June 2019 Introduction: I have read several accounts of honey bees making an early spring honey from Red Maple blossoms, usually on the west coast of North America. I don’t see many of those trees where I live on the east coast of Newfoundland, but regular maple trees, whatever you want to call them, are abundant in urban areas of the island. This post was written on the assumption if honey bees collect Red Maple nectar, they must be able to collection nectar from regular maples trees too.
The city of St. John’s may be one of the best places to keep honey bees on the island of Newfoundland because it’s full of maple trees and a large variety of flowering plants that offer honey bees a bonanza of nectar and pollen from June well into October. Walk around the city today and you will see flowering maple trees everywhere with little flowers that look like this.
I took that photo on my cell phone and I know it’s not the greatest, but if St. John’s had more beekeepers, honey bees would be all over those flowers — and honey made from maple nectar is spectacular.
The quantity, diversity and consistency of honey bee forage makes the city of St. John’s, Newfoundland, an excellent place to keep bees. (Just make sure your neighbours don’t mind.)
March 6th, 2016: I found this photo from 2011 that shows flowers on a maple tree, the kind of flowers that hang down in long bunch. The bees supposedly go for these too.
Not the greatest photo but good enough.
May 27th, 2016: The maple tree flowers show up as early as May. Nice.
I am a new beekeeper, first hives this year. I own a house on Lemarchant rd., pretty much in a business area but there are neighbors behind, I am putting my hives at a country place out of town, I never really considered in the city, I thought the noise would be troublesome to the bees. Maple trees galore…
I don’t think the bees are bothered by noise. They get used it. The last location I kept my bees was in Logy Bay where the hives were directly beneath the flight path of giant noisy planes coming in for a landing at the airport. The planes were close to the ground and the sound was deafening at times. I hated it, but the bees didn’t seem to notice.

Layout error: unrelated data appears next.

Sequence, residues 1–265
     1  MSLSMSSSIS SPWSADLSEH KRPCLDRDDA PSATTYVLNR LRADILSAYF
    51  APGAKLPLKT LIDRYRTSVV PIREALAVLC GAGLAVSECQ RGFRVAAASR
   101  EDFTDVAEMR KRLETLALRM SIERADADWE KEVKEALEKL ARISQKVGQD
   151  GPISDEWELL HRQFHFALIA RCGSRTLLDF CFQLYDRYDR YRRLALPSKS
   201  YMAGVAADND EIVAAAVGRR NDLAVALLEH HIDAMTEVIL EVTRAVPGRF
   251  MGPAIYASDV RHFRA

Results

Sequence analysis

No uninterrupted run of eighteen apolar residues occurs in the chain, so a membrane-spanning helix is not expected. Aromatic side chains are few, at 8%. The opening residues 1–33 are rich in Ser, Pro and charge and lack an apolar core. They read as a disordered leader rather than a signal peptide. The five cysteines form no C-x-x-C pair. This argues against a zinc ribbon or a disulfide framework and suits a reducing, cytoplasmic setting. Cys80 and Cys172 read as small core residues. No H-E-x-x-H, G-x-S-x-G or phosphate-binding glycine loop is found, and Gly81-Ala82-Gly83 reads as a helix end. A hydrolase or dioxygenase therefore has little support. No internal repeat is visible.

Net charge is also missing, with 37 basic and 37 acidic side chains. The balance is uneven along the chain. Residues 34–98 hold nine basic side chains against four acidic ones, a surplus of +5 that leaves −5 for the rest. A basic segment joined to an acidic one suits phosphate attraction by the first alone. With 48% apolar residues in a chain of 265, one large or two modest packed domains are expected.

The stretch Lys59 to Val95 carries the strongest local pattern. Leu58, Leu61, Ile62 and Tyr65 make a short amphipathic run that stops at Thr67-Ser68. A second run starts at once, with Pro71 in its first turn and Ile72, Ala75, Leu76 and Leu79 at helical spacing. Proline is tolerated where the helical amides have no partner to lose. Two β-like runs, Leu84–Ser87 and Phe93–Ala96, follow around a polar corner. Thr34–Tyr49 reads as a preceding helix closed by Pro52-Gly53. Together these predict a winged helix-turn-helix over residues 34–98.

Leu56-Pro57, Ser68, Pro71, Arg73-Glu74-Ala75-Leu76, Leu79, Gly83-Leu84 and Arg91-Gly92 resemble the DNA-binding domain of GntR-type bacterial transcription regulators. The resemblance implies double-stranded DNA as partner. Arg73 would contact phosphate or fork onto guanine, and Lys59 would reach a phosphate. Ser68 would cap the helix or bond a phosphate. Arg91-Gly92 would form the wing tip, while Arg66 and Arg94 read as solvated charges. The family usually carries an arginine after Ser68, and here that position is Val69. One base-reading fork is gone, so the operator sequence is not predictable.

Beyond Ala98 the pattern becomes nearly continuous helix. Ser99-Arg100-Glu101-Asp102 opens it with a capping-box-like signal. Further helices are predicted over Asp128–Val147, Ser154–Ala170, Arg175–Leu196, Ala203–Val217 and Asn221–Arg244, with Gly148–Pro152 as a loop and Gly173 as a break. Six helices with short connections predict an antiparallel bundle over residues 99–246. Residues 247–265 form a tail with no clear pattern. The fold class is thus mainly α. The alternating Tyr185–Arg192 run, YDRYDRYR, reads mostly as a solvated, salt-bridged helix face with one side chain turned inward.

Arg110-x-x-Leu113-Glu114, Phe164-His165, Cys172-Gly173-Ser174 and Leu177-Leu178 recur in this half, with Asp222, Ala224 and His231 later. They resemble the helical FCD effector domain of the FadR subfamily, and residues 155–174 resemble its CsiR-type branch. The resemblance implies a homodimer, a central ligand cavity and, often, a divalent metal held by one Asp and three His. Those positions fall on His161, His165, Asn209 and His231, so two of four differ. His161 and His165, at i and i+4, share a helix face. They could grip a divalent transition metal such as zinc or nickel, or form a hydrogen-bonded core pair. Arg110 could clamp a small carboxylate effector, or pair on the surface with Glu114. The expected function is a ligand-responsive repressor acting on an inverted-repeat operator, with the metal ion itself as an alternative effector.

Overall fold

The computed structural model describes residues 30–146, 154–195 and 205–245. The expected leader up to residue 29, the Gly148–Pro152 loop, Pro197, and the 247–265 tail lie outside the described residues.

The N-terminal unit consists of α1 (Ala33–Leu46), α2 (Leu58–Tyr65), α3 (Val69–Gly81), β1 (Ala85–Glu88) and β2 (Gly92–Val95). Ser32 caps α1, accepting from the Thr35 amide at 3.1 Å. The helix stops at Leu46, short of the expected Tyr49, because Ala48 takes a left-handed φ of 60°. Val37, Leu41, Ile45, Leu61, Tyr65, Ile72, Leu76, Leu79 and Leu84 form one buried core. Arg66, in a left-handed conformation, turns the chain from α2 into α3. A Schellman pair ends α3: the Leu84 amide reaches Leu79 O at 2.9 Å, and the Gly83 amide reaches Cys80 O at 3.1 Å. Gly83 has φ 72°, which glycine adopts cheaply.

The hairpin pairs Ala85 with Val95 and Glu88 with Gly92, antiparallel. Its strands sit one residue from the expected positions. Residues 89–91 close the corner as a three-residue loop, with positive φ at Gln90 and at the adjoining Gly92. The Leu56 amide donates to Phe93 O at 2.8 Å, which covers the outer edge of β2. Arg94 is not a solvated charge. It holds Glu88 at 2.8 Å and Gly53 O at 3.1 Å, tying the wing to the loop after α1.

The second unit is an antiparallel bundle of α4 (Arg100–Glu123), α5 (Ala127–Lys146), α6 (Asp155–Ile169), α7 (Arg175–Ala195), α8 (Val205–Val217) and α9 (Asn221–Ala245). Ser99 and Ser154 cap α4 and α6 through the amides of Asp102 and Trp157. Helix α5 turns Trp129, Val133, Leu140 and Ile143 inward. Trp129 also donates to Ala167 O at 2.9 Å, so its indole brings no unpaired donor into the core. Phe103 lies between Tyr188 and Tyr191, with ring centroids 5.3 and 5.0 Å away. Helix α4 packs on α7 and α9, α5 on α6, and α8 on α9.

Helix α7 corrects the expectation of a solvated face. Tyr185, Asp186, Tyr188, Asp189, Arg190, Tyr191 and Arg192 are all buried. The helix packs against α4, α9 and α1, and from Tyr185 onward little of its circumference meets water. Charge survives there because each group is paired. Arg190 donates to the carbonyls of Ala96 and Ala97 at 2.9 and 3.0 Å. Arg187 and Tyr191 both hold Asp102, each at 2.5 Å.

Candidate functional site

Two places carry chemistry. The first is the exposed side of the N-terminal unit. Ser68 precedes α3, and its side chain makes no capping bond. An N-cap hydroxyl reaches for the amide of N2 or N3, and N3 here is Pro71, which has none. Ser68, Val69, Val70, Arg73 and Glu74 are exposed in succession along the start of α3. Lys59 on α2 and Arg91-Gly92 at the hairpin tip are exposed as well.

I used to keep my bees on Golf Ave, just up the road from Lemarchant. I’d probably still be there if it wasn’t for a particularly unpleasant neighbour. If I kept bees in the city again, I would probably only do it on a rooftop where no one could see me, because I just don’t want to deal with ignorant people any more. But I do think it’s possible to keep bees in the city.
Thanks, I think we will give it a try in town for our first couple of years and see how it goes. That way I can see them every day.Thanks
You will learn the most by being around the bees all the time.
My urban beekeeping category might have useful info for you:
In my experience, the two bigs things to be aware of our urban neighbourhood besides cranky neighbours: 1) The bees are friendly most of the time, but can get a little more defensive in the fall. Feed them, but don’t mess around with them as much in the fall. 2) You won’t have to worry about swarming until the second summer, but pay close attention to the bees through May and June. That’s usually when they get the urge, if they get the urge.
I should write a post about dealing with swarms. I know it well.